Conductive bioplastics to boost performance of bionic devices in humans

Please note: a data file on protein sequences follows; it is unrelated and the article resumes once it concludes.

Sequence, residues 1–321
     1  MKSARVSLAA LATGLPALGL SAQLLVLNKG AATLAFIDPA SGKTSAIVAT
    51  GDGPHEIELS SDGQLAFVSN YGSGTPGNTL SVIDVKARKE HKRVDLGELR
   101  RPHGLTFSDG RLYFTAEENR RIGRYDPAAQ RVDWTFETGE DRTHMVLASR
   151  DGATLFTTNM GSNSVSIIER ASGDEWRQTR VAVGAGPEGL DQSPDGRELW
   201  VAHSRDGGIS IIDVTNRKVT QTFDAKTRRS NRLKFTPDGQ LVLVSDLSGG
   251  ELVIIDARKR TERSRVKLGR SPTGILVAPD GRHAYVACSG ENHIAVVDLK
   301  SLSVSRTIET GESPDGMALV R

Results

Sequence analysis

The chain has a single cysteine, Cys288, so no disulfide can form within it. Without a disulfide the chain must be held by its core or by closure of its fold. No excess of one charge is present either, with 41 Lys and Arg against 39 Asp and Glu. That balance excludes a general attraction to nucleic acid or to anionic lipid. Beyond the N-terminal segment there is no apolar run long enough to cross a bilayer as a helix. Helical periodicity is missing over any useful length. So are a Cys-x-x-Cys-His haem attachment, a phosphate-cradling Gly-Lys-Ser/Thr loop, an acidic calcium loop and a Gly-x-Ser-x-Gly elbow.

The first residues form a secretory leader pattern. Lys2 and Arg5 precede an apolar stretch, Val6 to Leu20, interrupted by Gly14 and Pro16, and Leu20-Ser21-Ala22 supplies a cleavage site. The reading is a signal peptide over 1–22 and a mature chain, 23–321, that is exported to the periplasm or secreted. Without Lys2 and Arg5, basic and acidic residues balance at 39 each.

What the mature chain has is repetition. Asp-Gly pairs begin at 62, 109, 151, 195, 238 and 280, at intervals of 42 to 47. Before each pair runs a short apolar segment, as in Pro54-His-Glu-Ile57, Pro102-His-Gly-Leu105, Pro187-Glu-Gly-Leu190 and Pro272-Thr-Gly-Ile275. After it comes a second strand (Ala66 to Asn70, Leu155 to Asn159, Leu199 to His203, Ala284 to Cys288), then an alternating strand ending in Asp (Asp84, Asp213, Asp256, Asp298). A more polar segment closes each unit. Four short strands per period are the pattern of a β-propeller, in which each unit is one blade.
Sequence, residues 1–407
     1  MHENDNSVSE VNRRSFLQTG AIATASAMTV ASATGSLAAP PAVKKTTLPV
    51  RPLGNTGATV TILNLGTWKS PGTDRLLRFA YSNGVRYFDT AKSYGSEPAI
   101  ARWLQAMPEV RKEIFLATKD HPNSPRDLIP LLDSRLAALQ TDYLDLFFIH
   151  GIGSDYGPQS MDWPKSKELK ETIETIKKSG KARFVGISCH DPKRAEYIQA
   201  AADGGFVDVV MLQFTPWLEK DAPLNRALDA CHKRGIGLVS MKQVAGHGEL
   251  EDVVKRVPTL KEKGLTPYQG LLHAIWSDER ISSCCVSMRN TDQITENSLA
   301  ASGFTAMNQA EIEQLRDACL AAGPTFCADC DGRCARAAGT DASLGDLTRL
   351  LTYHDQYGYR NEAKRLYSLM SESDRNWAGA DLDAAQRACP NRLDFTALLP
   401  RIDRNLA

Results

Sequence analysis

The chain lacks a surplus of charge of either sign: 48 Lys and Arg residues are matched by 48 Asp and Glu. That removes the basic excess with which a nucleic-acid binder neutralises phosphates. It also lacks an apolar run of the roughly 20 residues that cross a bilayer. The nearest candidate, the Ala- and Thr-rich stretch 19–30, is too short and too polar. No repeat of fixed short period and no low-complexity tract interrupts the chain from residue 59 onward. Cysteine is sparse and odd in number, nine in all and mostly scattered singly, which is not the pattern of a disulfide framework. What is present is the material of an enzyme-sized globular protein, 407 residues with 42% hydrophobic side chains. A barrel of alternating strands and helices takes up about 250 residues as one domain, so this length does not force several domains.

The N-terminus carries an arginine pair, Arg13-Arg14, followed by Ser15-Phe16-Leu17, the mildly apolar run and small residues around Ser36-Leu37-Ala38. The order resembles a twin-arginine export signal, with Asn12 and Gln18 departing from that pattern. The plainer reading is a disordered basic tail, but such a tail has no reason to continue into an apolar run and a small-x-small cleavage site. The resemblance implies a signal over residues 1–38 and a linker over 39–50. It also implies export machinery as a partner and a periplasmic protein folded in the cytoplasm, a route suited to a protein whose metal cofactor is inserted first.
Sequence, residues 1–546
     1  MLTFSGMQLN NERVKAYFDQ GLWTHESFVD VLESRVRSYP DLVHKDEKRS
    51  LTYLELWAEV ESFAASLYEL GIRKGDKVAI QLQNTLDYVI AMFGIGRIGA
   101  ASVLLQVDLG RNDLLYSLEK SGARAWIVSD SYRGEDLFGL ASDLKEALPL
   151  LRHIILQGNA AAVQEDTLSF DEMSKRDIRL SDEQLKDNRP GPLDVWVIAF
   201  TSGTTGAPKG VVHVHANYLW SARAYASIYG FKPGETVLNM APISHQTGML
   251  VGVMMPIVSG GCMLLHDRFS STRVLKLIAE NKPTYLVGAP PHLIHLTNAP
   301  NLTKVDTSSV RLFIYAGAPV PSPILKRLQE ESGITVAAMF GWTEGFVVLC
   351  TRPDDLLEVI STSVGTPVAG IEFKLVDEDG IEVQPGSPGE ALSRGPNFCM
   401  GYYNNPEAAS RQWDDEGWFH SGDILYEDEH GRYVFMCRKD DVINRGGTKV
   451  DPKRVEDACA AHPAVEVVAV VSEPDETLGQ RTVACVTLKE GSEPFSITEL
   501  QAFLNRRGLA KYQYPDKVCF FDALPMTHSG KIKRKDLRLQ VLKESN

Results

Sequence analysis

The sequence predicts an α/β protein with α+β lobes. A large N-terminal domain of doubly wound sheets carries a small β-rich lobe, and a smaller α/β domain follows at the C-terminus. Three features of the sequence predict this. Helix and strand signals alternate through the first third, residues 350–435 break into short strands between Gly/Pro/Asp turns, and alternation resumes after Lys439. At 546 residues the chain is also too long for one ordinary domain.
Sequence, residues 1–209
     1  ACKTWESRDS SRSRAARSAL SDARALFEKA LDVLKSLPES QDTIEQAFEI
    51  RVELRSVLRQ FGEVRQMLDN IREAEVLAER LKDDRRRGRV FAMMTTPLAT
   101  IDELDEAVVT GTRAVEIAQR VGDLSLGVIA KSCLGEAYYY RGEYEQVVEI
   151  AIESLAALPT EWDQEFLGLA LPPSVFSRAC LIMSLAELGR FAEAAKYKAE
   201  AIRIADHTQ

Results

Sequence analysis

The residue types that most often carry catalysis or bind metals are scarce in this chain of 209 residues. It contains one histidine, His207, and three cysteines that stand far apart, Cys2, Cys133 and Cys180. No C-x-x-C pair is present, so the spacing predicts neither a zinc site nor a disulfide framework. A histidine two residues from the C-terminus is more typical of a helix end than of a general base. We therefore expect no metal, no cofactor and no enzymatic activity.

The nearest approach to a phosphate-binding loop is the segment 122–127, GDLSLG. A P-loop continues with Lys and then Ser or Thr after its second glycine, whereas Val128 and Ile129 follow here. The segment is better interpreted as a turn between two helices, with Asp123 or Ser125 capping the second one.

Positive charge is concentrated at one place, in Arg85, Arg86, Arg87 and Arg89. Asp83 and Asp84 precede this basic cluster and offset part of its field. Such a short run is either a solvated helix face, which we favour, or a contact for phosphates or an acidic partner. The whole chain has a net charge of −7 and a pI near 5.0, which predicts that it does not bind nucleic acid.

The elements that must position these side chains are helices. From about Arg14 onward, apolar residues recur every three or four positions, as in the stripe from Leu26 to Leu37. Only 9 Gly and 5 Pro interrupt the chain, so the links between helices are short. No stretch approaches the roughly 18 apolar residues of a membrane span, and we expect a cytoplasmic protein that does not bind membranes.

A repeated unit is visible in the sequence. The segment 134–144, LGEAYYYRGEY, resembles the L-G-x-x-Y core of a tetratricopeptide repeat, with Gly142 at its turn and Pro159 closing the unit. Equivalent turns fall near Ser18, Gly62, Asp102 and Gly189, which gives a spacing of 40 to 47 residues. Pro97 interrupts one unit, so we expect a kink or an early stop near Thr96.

Conductive bioplastics that will boost the performance of bionic devices such as the cochlear ear and the proposed bionic eye has been developed by biomedical engineer Rylie Green of University of New South Wales (UNSW). 'Our plastics will lead to smaller devices that use safer smaller currents and that encourage nerve interaction,' says Green. Her plastics are already being tested in prototype bionic eyes and she hopes they will find application wherever researchers are attempting to integrate electronics with the human body. Bionic devices -- electronic devices and mechanical parts that assist humans in performing difficult, dangerous, or intricate tasks connect into the nervous system. At present, the electrodes they use are made from metals such as platinum and iridium. Since metals have smooth surfaces, the body immediately tags them as foreign material and tries to wall them off by growing fibrous, scar tissue around the implant. As a result, larger and larger electrical currents must be used to stimulate the nerves through the scar tissue. This eventually results in the surrounding tissue and body fluids being subjected to unnatural changes in acidity and to toxins produced from the metal contacts, both of which damage cells. Conductive plastics or polymers are an alternative to metals. They have rough surfaces which encourage the attachment of cells, meaning they offer potential for improved performance and longevity when implanted in the body as electrodes. 'The plastics can carry natural proteins which will aid the survival of damaged and diseased nerves,' Green says. The highly textured polymer surface can pass electrical current to cells more efficiently than smooth metals. Performance has been improved by incorporating natural body proteins. Upon implantation, these proteins help the cells near the electrode to survive and grow, and can reduce the formation of scar tissue. This is especially important in implant recipients where the existing tissue is damaged, as is the case with most deaf and blind patients, said an UNSW release.
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